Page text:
Democrats took control of the House and the Senate is about split between Democrats and Republicans. Maybe something can get done now. Some highs and lows from yesterday's voting:
  • High -- South Dakota struck down the ban on abortion.
  • Low -- Wisconsin approved a measure to amend the state Constitution to prohibit same-sex unions. Aren't constitutions designed to protect rights, not restrict them?
  • Low -- Minnesota is stuck with the passive aggressive Tim Pawlenty for another four years. He of "I don't raise taxes." However, your taxes go up because he cuts funding to cities to balance the budget. He didn't raise taxes but he did.
  • High -- Minnesota is finally sending its first woman to the U.S. Senate: Amy Klobuchar.
  • High -- Nancy Pelosi, a real fighter, will likely be the first woman leader of the House of Representatives.
  • High -- Minnesota is sending Keith Ellison, a big fighter for the poor, to Washington. He will be the first Muslim in Congress!

Sanders Says

Tim Sanders has a great post on the importance of down time. The voice of reason and successful business speaks. Being a workaholic isn't helpful! A preview (highlighting is mine):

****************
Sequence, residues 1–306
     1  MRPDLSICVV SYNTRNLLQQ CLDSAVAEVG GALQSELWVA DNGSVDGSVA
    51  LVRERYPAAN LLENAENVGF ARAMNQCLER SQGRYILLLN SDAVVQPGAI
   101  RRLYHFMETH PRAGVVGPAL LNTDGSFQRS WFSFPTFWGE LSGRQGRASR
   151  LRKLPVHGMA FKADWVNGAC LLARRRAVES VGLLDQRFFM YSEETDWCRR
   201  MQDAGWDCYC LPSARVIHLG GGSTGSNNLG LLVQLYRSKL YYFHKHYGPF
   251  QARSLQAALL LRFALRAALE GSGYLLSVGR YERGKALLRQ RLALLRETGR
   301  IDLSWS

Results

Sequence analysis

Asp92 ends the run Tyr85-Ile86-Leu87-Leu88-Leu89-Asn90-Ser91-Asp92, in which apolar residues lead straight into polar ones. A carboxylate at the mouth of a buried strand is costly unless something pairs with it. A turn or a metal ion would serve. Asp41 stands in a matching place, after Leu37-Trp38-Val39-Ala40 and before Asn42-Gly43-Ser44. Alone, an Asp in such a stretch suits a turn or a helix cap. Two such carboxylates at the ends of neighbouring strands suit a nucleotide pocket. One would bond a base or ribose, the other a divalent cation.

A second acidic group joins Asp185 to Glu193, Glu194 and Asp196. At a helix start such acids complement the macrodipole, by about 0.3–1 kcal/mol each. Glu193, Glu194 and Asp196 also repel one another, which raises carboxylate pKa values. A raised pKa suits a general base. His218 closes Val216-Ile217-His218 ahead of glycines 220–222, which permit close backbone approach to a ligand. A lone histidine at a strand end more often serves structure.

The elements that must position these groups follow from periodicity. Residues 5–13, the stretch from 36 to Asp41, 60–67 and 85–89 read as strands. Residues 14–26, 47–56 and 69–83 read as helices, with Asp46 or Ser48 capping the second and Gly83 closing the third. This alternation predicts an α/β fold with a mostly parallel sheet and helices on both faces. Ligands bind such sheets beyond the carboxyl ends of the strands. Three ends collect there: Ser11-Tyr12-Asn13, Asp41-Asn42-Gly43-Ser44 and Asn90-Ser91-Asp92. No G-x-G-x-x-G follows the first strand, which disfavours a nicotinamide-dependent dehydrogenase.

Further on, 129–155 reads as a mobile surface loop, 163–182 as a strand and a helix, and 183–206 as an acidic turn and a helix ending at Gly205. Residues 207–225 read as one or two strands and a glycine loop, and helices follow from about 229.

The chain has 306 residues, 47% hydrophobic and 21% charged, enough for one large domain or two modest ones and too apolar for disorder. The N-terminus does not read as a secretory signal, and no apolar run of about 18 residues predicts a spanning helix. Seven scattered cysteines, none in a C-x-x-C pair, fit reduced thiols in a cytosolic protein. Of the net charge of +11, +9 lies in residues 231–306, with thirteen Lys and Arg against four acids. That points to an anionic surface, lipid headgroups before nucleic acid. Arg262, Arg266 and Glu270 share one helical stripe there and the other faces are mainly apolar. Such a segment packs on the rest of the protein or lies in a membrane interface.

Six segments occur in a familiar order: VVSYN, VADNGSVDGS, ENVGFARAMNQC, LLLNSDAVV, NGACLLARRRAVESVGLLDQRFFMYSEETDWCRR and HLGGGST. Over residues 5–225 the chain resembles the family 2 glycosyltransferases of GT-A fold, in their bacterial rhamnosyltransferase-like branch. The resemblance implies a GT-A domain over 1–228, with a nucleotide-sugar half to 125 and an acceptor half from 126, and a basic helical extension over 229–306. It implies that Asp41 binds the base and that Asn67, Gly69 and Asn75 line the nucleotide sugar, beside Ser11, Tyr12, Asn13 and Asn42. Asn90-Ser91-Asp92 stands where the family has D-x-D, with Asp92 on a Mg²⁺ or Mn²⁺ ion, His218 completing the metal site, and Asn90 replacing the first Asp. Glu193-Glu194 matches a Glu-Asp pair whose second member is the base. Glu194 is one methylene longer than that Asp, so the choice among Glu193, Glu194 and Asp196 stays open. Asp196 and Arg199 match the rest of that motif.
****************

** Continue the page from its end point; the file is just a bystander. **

Don't check your email this weekend

Unless you are on a project that REQUIRES your digital availability tomorrow or Sunday, blow off email.

It can wait until Monday.

Let the laptop sit in your briedcase, unopened.

If you fully commit your off time to being off, you'll find more energy on Monday -- and everybody will get more quality and quantity from you too.

Grand Poobah explained

I was jokingly referring to a colleague as Grand Poobah the other day and wondered, where did that come from?

Grand Poobah is a term that originates from Gilbert and Sullivan's The Mikado. In this operetta, the haughty character Pooh-Bah holds numerous exalted offices, including Lord Chief Justice, Master of the Buckhounds, Lord High Auditor, Groom of the Back Stairs, and Lord High Everything Else. The name has come to be used as a mocking title for someone self-important or high-ranking and who exhibits an inflated self-regard.